By Arathy Somasekhar
(Reuters) – Oil prices ticked higher on Wednesday, as growth in U.S. oil production is expected to remain largely steady through 2025, easing worries of excess supply.
Brent crude futures rose 38 cents, or 0.5%, to $78.97 a barrel as of 0013 GMT, while U.S. West Texas Intermediate crude climbed 41 cents, or 0.6%, to $73.72. Both contracts had gained slightly on Monday.
U.S. domestic production will not exceed the December 2023 record of more than 13.3 million barrels per day until February 2025, the U.S. Energy Information Administration (EIA) said on Tuesday in its short term energy outlook.
The EIA also cut its forecast for domestic oil output growth in 2024 by 120,000 barrels per day (bpd) to 170,000 bpd, sharply lower than last year’s output increase of 1.02 million bpd.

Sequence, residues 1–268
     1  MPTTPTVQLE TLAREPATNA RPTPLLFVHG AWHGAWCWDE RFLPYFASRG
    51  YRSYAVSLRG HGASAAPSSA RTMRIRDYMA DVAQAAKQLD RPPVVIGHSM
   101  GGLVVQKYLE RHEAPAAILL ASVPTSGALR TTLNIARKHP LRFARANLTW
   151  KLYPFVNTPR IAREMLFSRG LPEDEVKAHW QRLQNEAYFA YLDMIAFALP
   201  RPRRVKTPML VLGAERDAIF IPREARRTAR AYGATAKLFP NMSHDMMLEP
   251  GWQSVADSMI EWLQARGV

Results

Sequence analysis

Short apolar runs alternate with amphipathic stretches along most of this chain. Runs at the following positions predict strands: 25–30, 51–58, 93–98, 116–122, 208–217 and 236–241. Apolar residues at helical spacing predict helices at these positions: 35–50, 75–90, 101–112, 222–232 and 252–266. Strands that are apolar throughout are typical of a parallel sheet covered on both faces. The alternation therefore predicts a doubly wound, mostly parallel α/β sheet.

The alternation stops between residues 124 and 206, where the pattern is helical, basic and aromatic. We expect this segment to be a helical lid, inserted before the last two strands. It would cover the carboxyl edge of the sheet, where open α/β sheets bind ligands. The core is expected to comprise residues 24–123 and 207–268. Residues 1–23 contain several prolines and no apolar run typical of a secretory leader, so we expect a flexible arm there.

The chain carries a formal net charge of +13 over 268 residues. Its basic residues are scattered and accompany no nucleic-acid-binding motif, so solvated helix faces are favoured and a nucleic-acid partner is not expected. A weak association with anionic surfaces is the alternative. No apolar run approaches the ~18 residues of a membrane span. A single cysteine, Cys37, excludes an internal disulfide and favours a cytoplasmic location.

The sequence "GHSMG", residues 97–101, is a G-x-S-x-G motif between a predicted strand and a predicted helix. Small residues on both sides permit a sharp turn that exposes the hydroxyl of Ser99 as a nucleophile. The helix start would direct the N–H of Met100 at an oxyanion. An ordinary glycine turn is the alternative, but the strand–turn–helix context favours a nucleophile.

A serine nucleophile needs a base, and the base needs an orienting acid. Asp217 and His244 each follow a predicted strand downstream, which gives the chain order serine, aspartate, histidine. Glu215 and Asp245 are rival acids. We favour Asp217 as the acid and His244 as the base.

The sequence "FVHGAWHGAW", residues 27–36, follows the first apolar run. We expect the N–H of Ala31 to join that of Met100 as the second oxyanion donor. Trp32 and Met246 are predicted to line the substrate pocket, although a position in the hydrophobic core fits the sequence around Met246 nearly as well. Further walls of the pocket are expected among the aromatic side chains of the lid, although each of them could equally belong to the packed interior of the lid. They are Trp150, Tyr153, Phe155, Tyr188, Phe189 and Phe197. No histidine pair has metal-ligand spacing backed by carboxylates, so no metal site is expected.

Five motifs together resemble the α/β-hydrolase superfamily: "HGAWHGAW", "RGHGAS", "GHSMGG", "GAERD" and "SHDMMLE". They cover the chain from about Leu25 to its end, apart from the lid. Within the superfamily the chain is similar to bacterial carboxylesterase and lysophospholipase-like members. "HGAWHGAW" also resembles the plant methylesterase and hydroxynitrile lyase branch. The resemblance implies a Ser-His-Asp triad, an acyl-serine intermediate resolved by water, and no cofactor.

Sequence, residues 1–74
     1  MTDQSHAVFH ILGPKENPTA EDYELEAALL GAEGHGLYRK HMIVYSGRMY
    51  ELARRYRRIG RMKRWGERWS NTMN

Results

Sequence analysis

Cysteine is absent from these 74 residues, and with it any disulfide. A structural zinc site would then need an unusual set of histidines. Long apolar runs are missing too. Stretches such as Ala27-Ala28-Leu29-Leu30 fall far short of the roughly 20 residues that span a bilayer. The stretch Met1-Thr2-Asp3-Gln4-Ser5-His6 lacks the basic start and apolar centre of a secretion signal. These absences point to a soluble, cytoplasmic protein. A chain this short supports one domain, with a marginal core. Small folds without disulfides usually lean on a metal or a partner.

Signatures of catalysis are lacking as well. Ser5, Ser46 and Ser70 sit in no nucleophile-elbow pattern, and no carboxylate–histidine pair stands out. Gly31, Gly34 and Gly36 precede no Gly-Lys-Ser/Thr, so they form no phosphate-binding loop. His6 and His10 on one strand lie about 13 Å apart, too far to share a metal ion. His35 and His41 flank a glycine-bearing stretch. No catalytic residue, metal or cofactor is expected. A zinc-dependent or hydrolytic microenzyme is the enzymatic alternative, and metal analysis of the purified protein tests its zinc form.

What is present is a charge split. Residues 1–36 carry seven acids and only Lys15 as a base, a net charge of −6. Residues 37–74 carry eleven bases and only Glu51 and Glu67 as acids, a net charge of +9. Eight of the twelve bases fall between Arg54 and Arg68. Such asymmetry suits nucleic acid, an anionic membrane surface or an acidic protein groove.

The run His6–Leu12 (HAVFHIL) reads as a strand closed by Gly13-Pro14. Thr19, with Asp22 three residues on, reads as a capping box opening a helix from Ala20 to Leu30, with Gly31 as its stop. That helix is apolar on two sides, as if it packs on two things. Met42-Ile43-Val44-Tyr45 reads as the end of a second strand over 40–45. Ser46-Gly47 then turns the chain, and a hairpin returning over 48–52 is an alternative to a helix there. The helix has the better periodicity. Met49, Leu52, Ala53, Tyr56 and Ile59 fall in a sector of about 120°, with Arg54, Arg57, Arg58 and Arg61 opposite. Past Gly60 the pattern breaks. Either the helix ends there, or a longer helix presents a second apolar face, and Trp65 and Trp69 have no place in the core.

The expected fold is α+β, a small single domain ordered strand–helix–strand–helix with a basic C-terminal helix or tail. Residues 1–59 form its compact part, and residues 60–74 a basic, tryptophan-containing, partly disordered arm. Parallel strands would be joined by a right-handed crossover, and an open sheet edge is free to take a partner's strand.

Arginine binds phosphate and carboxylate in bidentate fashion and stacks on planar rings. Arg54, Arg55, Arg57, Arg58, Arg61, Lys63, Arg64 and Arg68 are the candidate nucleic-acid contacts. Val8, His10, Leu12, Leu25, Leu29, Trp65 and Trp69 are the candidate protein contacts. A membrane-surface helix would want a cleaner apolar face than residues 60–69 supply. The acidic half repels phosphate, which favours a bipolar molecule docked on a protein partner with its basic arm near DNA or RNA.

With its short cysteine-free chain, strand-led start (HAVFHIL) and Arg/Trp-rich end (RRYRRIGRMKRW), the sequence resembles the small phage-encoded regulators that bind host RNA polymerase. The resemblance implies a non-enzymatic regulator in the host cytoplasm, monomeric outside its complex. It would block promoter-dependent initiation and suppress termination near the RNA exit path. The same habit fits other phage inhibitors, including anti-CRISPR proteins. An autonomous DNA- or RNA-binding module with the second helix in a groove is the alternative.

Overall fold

U.S. government data on oil inventory will be released later on Wednesday. U.S. crude stocks are expected to have risen 1.9 million barrels in the last week as production recovered from a cold freeze and refiners started maintenance.[EIA/S]
Meanwhile, U.S., Qatari and Egyptian mediators prepared a diplomatic push to bridge differences between Israel and Hamas on a ceasefire plan for Gaza after the Palestinian group responded to a proposal for an extended pause in fighting and hostage releases.
Traders have been closely following the situation in the Middle East, especially attacks on shipping by Iranian-backed Houthi rebels in the crucial Red Sea that has disrupted traffic through the Suez Canal, the fastest sea route between Asia and Europe and one that sees nearly 12% of the global oil trade.
(Reporting by Arathy Somasekhar; Editing by Jacqueline Wong)
Brought to you by www.srnnews.com